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News Archive 2001 - 2010

Major Changes Envisioned for Texas' Transportation Network

May 2, 2002

What are the workable solutions to intercity passenger and freight transportation problems foreseen for Texas over the next 20 to 50 years? Civil engineering students at The University of Texas at Arlington's College of Engineering are solving that puzzle.

Funded by a two-year, $220,000 research grant from the Texas Department of Transportation, a team of 25 graduate students and their faculty advisors in the Civil Engineering Department are investigating ways to move more people and goods efficiently, safely and in less time. The team started a year ago with seven possible concepts, which included existing highways and technologies, plus methods that are now only in the concept stage. In addition, they considered funding sources and construction costs. They have narrowed their focus to two things they believe will have the most influence on ground transportation - fuel cells and magnetic levitation (maglev).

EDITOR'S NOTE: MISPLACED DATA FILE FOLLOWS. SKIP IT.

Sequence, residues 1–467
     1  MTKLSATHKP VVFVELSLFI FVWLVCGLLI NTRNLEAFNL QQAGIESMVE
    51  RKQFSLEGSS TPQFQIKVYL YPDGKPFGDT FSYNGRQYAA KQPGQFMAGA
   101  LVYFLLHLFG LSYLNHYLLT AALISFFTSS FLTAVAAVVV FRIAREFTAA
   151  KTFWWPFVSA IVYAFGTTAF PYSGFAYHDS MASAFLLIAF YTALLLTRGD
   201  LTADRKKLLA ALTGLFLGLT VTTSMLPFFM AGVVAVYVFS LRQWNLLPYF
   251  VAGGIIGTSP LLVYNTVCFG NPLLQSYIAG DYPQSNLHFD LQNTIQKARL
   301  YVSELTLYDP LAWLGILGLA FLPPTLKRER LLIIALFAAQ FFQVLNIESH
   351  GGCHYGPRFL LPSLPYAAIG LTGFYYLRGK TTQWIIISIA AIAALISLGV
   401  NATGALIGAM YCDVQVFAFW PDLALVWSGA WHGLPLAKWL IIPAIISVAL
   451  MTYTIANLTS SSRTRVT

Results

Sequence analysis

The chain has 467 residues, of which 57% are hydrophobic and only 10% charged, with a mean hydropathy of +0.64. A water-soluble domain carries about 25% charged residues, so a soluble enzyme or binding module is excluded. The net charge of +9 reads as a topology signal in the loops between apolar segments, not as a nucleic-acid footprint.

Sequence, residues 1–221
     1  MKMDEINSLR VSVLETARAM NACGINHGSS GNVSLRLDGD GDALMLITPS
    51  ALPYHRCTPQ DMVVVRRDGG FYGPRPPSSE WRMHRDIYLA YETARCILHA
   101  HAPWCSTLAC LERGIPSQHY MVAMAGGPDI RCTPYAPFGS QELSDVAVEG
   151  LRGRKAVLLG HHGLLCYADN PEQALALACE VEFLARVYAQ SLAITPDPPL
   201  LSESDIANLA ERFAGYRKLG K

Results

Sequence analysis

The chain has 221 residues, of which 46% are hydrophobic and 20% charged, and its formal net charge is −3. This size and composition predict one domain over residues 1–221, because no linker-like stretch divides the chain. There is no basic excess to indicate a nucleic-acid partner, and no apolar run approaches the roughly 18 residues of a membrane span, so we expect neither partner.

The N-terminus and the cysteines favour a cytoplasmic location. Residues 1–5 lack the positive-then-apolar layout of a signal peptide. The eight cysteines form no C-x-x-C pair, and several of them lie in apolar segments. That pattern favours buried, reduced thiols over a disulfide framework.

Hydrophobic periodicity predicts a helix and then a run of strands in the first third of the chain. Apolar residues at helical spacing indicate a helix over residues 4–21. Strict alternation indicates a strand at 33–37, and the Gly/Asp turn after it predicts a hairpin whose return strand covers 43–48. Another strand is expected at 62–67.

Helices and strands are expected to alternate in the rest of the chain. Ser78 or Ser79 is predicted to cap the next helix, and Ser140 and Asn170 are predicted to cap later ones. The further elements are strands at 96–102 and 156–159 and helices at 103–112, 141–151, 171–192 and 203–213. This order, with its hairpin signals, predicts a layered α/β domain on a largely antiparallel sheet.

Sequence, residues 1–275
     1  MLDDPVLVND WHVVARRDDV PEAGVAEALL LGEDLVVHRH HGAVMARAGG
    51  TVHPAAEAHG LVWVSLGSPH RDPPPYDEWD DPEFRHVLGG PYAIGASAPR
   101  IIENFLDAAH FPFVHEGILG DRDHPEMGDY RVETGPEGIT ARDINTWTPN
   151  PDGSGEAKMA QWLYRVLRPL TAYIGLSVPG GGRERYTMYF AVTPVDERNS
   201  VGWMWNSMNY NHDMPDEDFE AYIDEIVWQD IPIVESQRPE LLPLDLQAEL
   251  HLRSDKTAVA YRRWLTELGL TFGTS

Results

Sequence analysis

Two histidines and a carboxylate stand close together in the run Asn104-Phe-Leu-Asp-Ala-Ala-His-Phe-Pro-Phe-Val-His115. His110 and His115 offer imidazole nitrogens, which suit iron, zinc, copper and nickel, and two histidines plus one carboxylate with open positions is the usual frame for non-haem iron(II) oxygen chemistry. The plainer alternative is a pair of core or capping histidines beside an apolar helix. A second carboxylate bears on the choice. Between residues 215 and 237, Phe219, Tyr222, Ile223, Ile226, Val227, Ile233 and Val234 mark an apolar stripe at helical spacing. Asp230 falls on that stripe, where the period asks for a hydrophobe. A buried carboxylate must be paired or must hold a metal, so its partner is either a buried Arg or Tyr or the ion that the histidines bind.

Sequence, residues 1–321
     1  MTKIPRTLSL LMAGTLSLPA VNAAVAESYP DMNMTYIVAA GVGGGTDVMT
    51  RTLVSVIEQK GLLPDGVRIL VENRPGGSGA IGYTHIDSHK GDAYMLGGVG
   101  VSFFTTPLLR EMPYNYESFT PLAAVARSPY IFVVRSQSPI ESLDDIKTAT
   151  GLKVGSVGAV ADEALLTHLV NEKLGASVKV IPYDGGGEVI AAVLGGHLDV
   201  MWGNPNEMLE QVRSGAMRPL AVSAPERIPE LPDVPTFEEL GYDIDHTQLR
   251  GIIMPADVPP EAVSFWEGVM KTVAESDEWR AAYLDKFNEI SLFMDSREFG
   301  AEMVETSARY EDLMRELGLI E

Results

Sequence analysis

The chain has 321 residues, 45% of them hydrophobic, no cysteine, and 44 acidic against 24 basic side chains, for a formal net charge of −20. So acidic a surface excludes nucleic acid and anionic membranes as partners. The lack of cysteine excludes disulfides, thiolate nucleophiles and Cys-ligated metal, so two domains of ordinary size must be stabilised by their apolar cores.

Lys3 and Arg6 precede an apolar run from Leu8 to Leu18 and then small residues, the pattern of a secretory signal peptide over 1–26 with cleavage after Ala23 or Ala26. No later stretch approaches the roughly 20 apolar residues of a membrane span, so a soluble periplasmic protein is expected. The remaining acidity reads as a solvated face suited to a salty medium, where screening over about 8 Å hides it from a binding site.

"It's an evolution of inefficient systems," says Civil Engineering Senior Lecturer Shekhar Govind, principal investigator for the project. "Fuel cells will soon be more energy efficient than internal combustion engines, and maglev trains can transport people and goods quietly at speeds approaching 200 miles an hour." Moving heavy goods via maglev trains would not only ease traffic congestion and improve highway safety, it would also greatly reduce highway maintenance requirements. It is estimated that one loaded 18-wheeler can cause as much wear on the roadway as 20,000 compact cars. Currently, taxes on gasoline and diesel fuel provide the funding for highway construction and maintenance. The team is examining how alternative fuels, including fuel cells, will affect this income. Maglev trailer-trains could link transfer points in major Texas cities, but how would they interconnect with existing interstate systems? Finally, developing maglev systems would move the Department of Transportation away from its current concentration on roads and highways. Does this mean more public/private initiatives?

The team will present its initial findings to Department of Transportation officials this month. The team's eventual conclusions will allow the department to be proactive, rather than reactive, in dealing with changes in transportation technologies, routes and future population and economic growth.